The day Alabassin arrived in Ferrigore, the capital city of Paridzule, people were quiet and withdrawn. News of his visit spread quickly as Ferrigore was a small island. While Alabassin's reputation was a good one, he was still a Li'endrin and a possible threat. The people of Paridzule were still unsure of the arrangement their king desired to make. Alabassin let none of this phase him. He remained the personable, pleasant man he always was. When introduced to Senweis Ni'adzul, Beroun's eldest daughter, he was ashamed to feel nothing for the woman. While Senweis was a beautiful woman, he felt cold around her. It unsettled him, yet he remained firm in his promise of talks with Beroun about the arrangement. He kept his promises and people respected him for that.

Needless to say, when Alabassin first met Kayta, Senweis' younger sister, he felt a connection with her. Just as he began to lose hope of feeling something like this, she stepped into his life. What bothered him most was the fact that Kayta was the sister of the woman he may be marrying. He didn't know if his heart was strong enough to marry one and feel for the other what he was supposed to feel for his wife. Where Senweis was closer to him in age, Kayta was younger by five years. Most felt that a difference in age such as this would be unacceptable. If Alabassin were to make a choice, which would he follow? His kingdom or his heart?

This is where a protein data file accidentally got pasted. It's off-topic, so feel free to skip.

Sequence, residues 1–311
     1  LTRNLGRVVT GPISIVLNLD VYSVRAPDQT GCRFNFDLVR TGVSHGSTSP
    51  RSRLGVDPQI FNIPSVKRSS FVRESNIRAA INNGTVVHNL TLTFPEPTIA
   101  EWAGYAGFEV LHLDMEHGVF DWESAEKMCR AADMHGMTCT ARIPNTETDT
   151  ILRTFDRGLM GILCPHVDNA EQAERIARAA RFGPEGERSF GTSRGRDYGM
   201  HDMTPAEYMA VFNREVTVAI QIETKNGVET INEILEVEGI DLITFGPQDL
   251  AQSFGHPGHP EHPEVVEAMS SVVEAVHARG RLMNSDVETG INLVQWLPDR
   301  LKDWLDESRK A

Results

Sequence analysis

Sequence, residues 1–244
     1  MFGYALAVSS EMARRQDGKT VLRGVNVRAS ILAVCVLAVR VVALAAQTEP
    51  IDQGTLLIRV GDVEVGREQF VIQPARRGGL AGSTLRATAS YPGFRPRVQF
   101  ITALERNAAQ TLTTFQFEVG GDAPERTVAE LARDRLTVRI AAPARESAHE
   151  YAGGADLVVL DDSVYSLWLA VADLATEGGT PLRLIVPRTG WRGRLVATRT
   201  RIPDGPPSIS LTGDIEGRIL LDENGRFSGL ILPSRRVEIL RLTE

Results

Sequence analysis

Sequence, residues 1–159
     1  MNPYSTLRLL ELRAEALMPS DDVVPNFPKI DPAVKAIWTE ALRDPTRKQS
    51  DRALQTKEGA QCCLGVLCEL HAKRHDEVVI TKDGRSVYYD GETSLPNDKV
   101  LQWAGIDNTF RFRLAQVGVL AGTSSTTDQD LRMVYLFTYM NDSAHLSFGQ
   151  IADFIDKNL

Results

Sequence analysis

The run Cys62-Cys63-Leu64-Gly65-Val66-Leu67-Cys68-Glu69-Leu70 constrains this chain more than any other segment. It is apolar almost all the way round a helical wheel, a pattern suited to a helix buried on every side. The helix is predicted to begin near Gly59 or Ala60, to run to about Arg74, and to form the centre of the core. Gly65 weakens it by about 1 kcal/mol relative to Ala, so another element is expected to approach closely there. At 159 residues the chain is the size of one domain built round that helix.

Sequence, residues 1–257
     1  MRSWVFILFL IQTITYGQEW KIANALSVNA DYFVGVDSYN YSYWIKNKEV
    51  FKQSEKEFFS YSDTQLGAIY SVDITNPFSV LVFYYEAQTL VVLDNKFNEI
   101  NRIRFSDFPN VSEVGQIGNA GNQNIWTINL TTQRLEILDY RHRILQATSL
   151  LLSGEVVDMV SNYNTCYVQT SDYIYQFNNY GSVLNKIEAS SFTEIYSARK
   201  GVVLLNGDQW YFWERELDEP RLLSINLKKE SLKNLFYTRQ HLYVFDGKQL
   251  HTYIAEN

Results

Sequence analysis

*Other pronunciations:
Relavia - Reh la vee uh
Paridzule - Pare id zool
Ferrigore - Fare eh gore
Senweis - Sen ways
Kayta - Kay tah
Beroun - Bare oon

Excerpt No. 3

Okay, so I am going to be unusually cruel here. Okay, maybe not unusually. I've got this little snippet here and I can't wait to share it.

Are you ready?

The routine Alabassin had fallen into helped him immensely. While he still felt restless at times, he knew that things would happen on a daily basis to help keep him from dwelling on things he had no control over at the moment. A knock at his door usually meant someone would be entering soon and they were trying to give him a moment to make himself presentable. After the first few days of hearing a knock at his door, he stopped opening it.
The knock came and he shifted in his chair, holding open a book he had pilfered from the huge library two stories below him. The light coming in from the window he sat next to bathed him as well as the small print of the old book. When the knock sounded again, he looked away from the page he had been reading and tilted his head. Another knock came and still no one entered, so he closed the book after marking where he left off and opened the door. His annoyance at having to actually open the door dissipated so quickly it left him slightly light headed as he stared at first Hedric, standing before him, then to Kayta.